The Women’s Studies Program Writing Contest announces student winners to be recognized on March 9

In Announcements, by , on March 7th, 2023

The Niagara University Women’s Studies Program Committee proudly announces the 2023 student winners for the annual writing contest. The awardees will be recognized for their efforts on Thursday, March 9, 2023, from 6-7:15 p.m. in Dunleavy Hall, Room 127, on the Niagara University campus. The event is free and open to the public.

Claiming the top prize is a senior in Communication and Media Studies, Arianna Musialowski for her paper, titled, “Reclaiming the Vampire: How Sexuality and Gender Are Represented in The Vampire Lovers and the Camilla Movie.” The Lancaster native wrote her paper in the Research Methods course offered by Dr. Douglas Tewksbury in the Communication and Media Studies major. Dr. Tewksbury said, “The Communication and Media Studies Department is thrilled to hear that Ari has won this award. It’s students like Ari that bring so much to our program, and to the Niagara University academic community as a whole. She is such a talented writer and thoughtful scholar, and it’s extremely well deserved.”

Earning second place is Lewiston native Danielle DeVantier, a History major, with her paper, “Enslaved Women: Maternal Mammies or Seductive Servants?” DeVantier completed this work for Dr. Carrie Glenn’s course on the Civil War and Reconstruction in the Department of History. According to Dr. Glenn, “Danielle’s excellent paper explores representations of the enslaved “mammy” figure in twentieth- and twenty-first century popular culture. In the process, she illuminates how these caricatures obscured the “emotional, physical, and sexual mistreatment” these enslaved women endured.”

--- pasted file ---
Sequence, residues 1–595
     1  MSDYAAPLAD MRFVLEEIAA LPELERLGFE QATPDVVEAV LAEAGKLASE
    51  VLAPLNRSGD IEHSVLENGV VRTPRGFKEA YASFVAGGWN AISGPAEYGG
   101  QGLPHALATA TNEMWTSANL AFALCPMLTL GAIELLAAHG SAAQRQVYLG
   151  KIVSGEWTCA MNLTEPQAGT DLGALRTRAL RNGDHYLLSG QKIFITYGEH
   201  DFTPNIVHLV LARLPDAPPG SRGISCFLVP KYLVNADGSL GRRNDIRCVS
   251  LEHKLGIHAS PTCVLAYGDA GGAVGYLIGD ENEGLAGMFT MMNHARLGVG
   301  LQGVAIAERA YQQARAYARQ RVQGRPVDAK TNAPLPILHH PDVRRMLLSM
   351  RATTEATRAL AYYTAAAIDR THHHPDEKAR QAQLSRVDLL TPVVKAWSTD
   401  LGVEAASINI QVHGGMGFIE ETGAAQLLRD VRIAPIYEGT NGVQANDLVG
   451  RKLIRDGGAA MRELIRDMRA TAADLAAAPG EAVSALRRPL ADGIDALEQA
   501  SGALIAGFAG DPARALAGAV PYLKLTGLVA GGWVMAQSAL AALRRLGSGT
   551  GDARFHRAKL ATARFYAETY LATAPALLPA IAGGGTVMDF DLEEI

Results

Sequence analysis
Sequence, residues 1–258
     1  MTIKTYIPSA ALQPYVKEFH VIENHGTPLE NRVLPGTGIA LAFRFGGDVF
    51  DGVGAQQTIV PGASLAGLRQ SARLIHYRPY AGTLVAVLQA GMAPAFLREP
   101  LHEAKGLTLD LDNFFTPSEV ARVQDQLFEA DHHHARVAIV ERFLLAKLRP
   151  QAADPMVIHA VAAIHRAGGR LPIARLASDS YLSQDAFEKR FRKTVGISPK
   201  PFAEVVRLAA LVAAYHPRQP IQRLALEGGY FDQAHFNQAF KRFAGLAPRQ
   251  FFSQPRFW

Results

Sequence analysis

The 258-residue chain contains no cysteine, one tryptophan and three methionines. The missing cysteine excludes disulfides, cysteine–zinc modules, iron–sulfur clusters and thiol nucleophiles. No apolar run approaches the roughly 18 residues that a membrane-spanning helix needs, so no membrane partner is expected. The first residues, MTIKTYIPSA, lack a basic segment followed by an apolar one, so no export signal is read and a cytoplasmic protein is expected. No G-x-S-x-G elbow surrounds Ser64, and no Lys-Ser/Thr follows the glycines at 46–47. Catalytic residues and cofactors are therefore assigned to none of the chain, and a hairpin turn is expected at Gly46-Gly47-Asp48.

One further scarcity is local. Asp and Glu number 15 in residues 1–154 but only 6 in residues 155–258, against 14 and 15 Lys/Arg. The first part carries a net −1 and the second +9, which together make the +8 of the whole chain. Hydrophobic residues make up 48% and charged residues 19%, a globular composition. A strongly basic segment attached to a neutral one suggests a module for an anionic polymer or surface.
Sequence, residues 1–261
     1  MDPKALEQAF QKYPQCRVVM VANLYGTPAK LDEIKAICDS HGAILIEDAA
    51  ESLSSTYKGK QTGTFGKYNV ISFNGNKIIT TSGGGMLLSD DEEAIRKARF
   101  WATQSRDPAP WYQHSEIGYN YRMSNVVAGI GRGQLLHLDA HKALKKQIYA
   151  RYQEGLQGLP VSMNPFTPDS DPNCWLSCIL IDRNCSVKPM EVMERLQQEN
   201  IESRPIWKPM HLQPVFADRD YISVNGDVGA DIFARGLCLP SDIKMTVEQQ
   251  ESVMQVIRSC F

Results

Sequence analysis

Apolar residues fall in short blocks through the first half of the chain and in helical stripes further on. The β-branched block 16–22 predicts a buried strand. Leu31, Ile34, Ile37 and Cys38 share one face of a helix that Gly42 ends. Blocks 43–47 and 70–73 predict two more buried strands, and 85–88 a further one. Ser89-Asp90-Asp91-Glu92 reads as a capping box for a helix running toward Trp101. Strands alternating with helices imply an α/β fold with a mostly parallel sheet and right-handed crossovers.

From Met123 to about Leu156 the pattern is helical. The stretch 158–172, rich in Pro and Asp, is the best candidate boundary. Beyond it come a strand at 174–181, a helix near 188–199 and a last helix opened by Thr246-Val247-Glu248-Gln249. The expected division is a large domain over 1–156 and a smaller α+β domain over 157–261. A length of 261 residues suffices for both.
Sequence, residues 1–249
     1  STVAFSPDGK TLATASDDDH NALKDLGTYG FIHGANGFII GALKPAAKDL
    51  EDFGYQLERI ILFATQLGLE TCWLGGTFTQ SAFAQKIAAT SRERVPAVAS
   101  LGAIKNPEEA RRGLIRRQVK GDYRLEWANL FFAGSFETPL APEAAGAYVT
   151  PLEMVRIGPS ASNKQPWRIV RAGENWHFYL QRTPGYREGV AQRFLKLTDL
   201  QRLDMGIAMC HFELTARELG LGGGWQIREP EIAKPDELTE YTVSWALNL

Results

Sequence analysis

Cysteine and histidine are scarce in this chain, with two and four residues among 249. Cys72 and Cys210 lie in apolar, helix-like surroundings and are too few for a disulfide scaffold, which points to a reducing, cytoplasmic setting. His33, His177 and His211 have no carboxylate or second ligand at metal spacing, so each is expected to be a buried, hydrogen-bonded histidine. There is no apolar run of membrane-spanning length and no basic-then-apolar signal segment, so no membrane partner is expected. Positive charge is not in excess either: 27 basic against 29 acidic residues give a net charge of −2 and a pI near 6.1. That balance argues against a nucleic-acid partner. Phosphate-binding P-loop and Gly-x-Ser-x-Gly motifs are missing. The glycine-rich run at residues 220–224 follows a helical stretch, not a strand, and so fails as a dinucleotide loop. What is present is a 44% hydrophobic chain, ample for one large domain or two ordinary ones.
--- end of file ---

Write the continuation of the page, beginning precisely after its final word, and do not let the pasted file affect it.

Coming in at third place is Kenmore native Mia Madore, also a history major in her senior year at Niagara University. Madore’s paper, “Gender, Race, and the 19th-Century Women’s Club Movement in the United States,” was written for the Introduction to Research Methods course taught by Dr. Shannon Risk in the Department of History. Dr. Risk says that “Mia focused on the club-building of African American women in the late 1800s and early 1900s, which formed a solid foundation for future civil rights action and provided a haven for minority women during a difficult time. This is an important and timely topic.”

Welcoming the students, their families, and friends during this year’s awards program will be Dr. Peter Butera, the Dean of the College of Arts and Sciences, as well as Dr. Hope Russell, a professor in Women’s Studies, who will explain the significance of this long-running writing contest. Dr. Russell notes that, “Our Women’s Studies Program Writing Award Contest is such an important tradition, one that forms the cornerstone of our annual Women’s History Month programming. I am always so proud of the important research and writing our students are doing across campus at the intersections of gender, race, and other positionalities.”

The contest winners represent the best and brightest on the Niagara University campus and the Women’s Studies Committee commends them and the other entrants for their enthusiasm for study in a wide array of fields.